The government will create guidelines by March 2021 to strengthen legal protection and improve accident insurance coverage for freelance workers as part of its efforts to promote flexible working styles, according to a panel’s interim report.
The government estimates that a total of 4.62 million people in Japan work as freelancers, and their occupations, including self-employed construction workers and IT engineers, are wide-ranging.
But freelancers, who are not protected by labor-related laws as they are not officially considered employees, often receive insufficient compensation and other benefits, as the coronavirus pandemic has made strikingly clear.
At a meeting Thursday, Prime Minister Shinzo Abe stressed that the government would “work as one” to revise guidelines to provide better protection to freelance workers.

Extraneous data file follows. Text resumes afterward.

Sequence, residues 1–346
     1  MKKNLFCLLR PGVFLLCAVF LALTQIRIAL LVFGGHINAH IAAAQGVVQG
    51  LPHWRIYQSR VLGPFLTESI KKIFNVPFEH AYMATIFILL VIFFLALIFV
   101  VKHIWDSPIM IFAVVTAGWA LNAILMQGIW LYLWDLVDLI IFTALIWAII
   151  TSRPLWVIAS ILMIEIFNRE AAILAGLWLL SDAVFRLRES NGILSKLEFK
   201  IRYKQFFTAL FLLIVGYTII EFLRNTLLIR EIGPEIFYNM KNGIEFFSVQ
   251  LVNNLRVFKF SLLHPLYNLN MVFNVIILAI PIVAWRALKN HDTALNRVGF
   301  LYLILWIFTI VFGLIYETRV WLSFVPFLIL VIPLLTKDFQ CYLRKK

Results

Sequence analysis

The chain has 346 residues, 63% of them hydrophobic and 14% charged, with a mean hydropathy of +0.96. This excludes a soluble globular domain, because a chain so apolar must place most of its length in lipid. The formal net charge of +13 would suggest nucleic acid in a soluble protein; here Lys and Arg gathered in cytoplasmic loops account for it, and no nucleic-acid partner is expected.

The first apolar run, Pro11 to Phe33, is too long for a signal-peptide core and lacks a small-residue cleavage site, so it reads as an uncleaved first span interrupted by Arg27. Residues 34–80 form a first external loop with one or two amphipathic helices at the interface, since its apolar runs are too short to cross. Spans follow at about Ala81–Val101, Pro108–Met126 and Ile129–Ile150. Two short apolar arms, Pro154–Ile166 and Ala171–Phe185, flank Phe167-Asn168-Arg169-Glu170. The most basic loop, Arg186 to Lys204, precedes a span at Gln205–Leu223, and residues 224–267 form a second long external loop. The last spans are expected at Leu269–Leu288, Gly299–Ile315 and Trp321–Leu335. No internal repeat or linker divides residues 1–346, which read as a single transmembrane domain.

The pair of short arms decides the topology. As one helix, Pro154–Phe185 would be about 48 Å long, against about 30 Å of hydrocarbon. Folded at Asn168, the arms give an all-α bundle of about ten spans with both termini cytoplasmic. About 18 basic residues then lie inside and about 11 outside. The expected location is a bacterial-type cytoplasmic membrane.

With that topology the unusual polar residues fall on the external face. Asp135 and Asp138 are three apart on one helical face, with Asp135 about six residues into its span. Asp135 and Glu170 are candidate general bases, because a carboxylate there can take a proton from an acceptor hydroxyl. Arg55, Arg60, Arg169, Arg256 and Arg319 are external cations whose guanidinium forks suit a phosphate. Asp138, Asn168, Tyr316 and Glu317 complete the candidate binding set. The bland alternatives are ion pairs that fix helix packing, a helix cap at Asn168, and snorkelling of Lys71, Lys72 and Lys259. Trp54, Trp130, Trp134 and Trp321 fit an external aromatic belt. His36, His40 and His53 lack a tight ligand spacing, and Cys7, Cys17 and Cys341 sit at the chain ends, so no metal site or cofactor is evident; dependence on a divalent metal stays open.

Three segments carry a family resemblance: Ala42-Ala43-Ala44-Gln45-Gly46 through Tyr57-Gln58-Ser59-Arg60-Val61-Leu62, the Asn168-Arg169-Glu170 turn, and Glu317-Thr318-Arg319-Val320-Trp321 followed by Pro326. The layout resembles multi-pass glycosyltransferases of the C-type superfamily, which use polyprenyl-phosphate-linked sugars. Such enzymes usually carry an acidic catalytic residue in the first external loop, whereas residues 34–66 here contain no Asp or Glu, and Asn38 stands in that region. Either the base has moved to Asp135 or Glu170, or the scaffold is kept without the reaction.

Under the revised guidelines, freelancers will be covered by labor-related laws if they are deemed to have an employer-employee relationship with a contracting company, including effectively working under the direction and supervision of a company.
The guidelines will also clearly state that if a contracting company fails to present a written contract, unilaterally changes terms of engagement, or pays later or less than what was agreed, it will be liable for punishment under antitrust laws and other regulations.
A special insurance program, currently limited to certain occupations such as private taxi drivers and self-employed construction workers, will be extended to all freelancers who get injured or fall sick while working in a similar manner to salaried employees.
The interim report is the second of its kind, with the previous one compiled at the end of last year. The final report, which was originally scheduled to be completed this month, has been pushed back to the end of the year due to the novel coronavirus pandemic.
In a time of both misinformation and too much information, quality journalism is more crucial than ever.
By subscribing, you can help us get the story right.